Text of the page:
NCPA - National Center for Policy Analysis


April 12, 2007

Democrats did a skillful job of demagoguing President Bush's plan to let workers invest some of their Social Security taxes.  But now, another idea is waiting in the wings that could be far more popular, says Donald Lambro, chief political correspondent for the Washington Times.

The idea, promoted by the Heritage Foundation and the Brookings Institution, is the "automatic IRA," which would:

  • Enable workers (particularly those with low-incomes) in small businesses who have no employer-sponsored plan to put aside regular savings in an IRA through the power of the automatic payroll-deposit system used by 401(k) plans.
  • Further, employers could make participation automatic when they hire workers so that they would begin making regular payroll contributions unless they formally ask to opt out.

A few major design factors promise to make this idea popular with both businesses and workers, says Lambro:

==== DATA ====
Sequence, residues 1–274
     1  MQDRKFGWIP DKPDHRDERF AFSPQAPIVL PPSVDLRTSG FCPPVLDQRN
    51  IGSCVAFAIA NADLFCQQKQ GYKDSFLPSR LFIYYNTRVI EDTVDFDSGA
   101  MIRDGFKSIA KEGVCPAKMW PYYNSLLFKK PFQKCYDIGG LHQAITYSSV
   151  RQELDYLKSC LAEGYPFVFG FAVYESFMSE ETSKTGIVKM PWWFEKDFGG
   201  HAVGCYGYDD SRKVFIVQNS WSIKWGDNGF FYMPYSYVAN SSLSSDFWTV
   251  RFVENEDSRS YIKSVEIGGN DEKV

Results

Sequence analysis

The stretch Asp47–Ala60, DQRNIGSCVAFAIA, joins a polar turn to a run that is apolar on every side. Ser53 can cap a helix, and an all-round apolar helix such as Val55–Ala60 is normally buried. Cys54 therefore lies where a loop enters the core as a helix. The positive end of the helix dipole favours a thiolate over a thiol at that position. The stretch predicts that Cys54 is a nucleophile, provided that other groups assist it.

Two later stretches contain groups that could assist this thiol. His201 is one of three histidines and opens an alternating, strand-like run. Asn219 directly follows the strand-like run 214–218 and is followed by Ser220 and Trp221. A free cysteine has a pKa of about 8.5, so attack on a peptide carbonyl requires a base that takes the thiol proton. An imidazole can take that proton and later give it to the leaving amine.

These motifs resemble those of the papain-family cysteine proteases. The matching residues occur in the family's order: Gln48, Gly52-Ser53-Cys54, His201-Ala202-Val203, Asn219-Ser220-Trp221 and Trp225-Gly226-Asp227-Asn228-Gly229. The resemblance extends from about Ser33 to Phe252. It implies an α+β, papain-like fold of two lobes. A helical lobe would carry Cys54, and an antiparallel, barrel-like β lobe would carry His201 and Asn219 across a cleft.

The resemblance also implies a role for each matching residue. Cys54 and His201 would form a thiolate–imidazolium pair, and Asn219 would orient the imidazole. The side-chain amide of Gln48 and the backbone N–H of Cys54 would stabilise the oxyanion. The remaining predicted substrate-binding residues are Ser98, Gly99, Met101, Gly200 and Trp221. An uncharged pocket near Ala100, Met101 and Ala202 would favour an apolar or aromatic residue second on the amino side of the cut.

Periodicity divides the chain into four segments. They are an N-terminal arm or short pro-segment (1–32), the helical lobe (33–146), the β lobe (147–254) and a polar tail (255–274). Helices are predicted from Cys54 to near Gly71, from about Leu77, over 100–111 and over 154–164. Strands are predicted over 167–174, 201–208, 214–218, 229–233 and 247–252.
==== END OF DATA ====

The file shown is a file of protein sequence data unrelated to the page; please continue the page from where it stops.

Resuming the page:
• The plan would result in little or no cost to employers who would be exempt from costly rules and regulations that govern 401(k)s and other retirement plans.
  • Businesses would be offered a tax credit in the first two years to encourage them to offer such plans and help them adjust to any administrative costs.
  • It would principally benefit moderate- to lower-income workers -- the 58 percent of the workforce that does not participate in any retirement plan, people who tend to have less education, do not save on a regular basis and usually work for small businesses.

The savings rate in our country, especially among this large uncovered part of the workforce, is abysmal, says Lambro. This idea would dramatically turn that rate around, helping millions to build wealth and some measure of retirement security.

Source: Donald Lambro, "Retirement plan could prove a winner,", April 12, 2007


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